We are proud to share the next in our series of TRE’s cultural “roots”, guideposts that have been identified by TRE as critical to our work. Read more about this organizational effort at www.tre.org/blog-tre-roots/.
TRE Root #19: SHOW PATIENCE
Show Patience is an important Root for the work we do at TRE and for each of us personally. Our systems are complex and require that we take the time to navigate them effectively as well as interact thoughtfully when the system is not working as we expect it to. Personally, showing patience can actually support more effective and efficient problem-solving and stronger solutions.
Today’s world provides us with significant amounts of information very rapidly. This has set a faster pace of gaining knowledge and drawing conclusions. It has also set an expectation for us that we can expect things to happen quickly and when it doesn’t, we get frustrated. Our tolerance for frustration has also lessened. Patience is often seen as a virtue, but it is also a tool for managing frustration and driving effective problem-solving.
Showing patience has been a life-long lesson for me. It is not one of my strengths. However, I have learned through my mistakes of making decisions too quickly or forcing solutions before they are fully thought out, that I end up even more frustrated and I have to take even more time to correct the mistake. Practicing the pause has become an effective tool for me since patience does not come naturally. I try to recognize when frustration is building, stop and focus on my breathing, and pause before responding. Recognizing what your body is telling you about how you are feeling about a situation is a great tool for taking action in the most effective way. Pausing also allows me to Listen Generously and seek other perspectives before moving forward.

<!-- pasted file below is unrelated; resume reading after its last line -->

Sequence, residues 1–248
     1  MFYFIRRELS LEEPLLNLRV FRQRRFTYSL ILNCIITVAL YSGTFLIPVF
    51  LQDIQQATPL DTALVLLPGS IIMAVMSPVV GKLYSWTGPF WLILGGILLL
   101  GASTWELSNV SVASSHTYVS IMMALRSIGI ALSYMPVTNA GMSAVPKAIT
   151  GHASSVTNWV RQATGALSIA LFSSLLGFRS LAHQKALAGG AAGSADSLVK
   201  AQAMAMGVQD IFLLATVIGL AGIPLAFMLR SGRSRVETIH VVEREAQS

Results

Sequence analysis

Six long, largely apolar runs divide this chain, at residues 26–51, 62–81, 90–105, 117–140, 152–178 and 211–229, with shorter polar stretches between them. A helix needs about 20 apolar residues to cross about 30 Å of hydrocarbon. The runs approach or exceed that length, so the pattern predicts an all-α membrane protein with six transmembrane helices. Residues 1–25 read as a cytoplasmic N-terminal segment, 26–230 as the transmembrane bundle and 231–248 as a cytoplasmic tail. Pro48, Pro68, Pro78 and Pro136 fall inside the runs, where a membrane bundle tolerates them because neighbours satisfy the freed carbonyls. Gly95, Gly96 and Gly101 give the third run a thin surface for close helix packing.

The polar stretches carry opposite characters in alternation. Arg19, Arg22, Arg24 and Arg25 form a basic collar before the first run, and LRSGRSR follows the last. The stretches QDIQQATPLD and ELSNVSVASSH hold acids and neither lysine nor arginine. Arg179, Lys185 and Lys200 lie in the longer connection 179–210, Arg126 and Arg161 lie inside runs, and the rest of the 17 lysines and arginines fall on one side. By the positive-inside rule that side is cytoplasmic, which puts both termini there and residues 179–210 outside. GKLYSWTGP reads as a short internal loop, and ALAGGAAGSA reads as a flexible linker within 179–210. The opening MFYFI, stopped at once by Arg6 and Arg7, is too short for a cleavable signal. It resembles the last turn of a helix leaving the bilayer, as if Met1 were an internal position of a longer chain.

Taking deliberate action and looking ahead and anticipating in order to be proactive are necessary and important in our work but balancing this with patience is also necessary. Patience can elevate the power of our deliberate and proactive actions. Joyce Meyer says, “patience is not simply the ability to wait – it’s how we behave while we’re waiting.”
Patience requires trust – trust in ourselves, trust in the process, trust in others, trust that we will resolve the issue. Trust is grounded in relationships with people. It is bolstered by Clarifying Expectations and Honoring Commitments.
Showing patience is also about letting go of control and embracing the sometimes complex “flow” of a situation. I lived on the Jersey Shore for a while and there were often news stories about the rip tides that threatened swimmers in the ocean. The recommendations given to people who find themselves in a rip tide is to not fight against or swim into the rip tide to try and get back to shore, but to swim parallel to the coast along with the rip tide until you get to a place where you can make it to shore. This is a good analogy to letting go of control and showing patience. This is also captured in the quote “Patience is the calm acceptance that things can happen in a different order than the one you have in mind.” –David G. Allen
As you go through your work, consider the following:
- Talk within your team about the power of patience and share examples you have experienced that support this.
- Reflect personally on your ability to show patience. What strategies do you use or could you use to support showing patience?
- Share some quotes on the power of patience.